The simple answer to this question is yes. However, different aspects affect your ability to get a mortgage after a Chapter 7 bankruptcy ruling. These include the type of loan you seek, the time that has passed since the Chapter 7 discharge, and whether or not you qualify for the desired type of loan.
How Much Time Do You Have to Wait?
Depending on the type of loan you seek, you typically have to wait for two to four years from the date of the discharge, as highlighted in the corresponding table.
Type of Loan
Federal Housing Administration (FHA) loan
Department of Veterans Affairs (VA) loan
Department of Agriculture (USDA) loan
While these are the usual waiting times for getting a mortgage after filing for Chapter 7 bankruptcy, you can get a conventional loan sooner by making a large down payment. For instance, you might qualify for a conventional mortgage within the first year if you can manage to make a down payment of 35%. However, even if you qualify, you would still end up paying a high interest rate.
Why Is Waiting a Good Idea?
While you might qualify to get a mortgage within a year after a Chapter 7 discharge, waiting for longer might work well for you. This is because your creditworthiness takes a beating after a bankruptcy discharge, and it’s not something you can fix quickly. If you do qualify for a loan in such a scenario, you will have to make a large down payment and pay higher interest.
Instead, use the time you have to rebuild your credit score by establishing a track record that demonstrates responsible use of credit. If you’re short on capital, you may also use this time to save money for the 20% down payment that most conventional loans require. Over a course of three to four years, with a better credit score in tow, you may expect a noticeably lower interest rate.
Even a single-point increase in mortgage rates can lead to you paying thousands of dollars more as interest over the course of a 30-year mortgage.
Types of Mortgages for Which You Might Qualify
While getting a conventional loan might seem like a good idea, you may benefit by getting government-backed loans under different circumstances.
You might qualify for a conventional mortgage through a bank or a credit union depending on your creditworthiness and the down payment amount. If your down payment is less than 20% of the home’s selling price, you will need to get private mortgage insurance (PMI).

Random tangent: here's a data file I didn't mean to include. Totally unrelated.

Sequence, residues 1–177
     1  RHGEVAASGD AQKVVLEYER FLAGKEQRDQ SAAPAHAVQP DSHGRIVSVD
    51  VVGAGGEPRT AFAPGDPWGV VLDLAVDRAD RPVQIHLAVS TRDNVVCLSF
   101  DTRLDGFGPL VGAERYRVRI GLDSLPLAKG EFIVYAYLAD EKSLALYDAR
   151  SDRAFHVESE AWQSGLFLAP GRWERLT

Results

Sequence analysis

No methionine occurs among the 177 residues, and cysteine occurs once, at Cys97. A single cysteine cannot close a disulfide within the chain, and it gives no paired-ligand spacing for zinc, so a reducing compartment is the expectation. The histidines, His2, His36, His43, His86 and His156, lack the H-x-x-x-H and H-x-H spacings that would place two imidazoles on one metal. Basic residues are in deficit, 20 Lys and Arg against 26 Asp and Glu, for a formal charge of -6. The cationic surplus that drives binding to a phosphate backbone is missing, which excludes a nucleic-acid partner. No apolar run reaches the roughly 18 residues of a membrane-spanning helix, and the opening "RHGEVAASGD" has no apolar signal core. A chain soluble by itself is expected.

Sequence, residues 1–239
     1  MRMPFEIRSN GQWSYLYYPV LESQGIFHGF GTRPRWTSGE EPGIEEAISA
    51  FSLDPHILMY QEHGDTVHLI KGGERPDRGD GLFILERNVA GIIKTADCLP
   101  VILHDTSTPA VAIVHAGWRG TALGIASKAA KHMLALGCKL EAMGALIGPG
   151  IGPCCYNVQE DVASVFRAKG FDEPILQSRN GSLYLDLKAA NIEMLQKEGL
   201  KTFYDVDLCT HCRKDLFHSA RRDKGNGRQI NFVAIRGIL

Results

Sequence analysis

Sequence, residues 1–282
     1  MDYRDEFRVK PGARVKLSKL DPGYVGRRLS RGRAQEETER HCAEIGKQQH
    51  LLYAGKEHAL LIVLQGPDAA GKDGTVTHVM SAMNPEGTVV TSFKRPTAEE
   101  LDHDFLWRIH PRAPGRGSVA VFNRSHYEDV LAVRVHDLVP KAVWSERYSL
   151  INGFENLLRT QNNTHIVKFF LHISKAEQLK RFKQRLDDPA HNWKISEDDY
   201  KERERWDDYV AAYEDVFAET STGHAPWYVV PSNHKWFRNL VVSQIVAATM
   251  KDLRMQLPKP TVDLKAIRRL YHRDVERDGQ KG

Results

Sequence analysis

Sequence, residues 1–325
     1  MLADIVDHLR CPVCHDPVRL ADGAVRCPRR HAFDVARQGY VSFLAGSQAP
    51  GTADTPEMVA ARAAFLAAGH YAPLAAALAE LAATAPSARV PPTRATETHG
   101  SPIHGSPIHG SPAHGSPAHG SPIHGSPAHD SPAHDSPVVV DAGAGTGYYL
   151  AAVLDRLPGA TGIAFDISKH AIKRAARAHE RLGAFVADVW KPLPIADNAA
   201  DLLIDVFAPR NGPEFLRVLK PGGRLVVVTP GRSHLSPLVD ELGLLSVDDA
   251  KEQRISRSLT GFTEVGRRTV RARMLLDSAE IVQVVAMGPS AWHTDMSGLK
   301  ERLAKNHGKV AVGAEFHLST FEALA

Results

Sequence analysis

Provided and managed by the Federal Housing Administration, FHA loans give you the ability to pay as little as 3.5% down payment. However, you will then need to pay extra toward PMI.
The Department of Veteran Affairs provides VA loans to military veterans, serving members, and surviving spouses of veterans. If you are eligible, you may get a VA loan without making any down payment. In addition, you don’t have to pay extra for PMI.
The U.S. Department of Agriculture provides USDA loans meant particularly for rural borrowers who meet minimum income requirements. These requirements vary based on where you live, the number of people in your household, as well as your age. Applicants need to meet other eligibility criteria as well. If you are eligible, you may qualify for a zero down payment loan. While you won’t need to get PMI, you will need to pay extra toward an upfront guarantee fee and an annual fee.
Getting a mortgage to buy a home after a Chapter 7 bankruptcy discharge is possible. All you need to do is exercise patience and make the most of the time you have to rebuild your credit. As long as you play your cards right, becoming a home owner is well within your grasp. If you have any questions about how or when you might qualify, consider contacting a bankruptcy attorney to get them answered.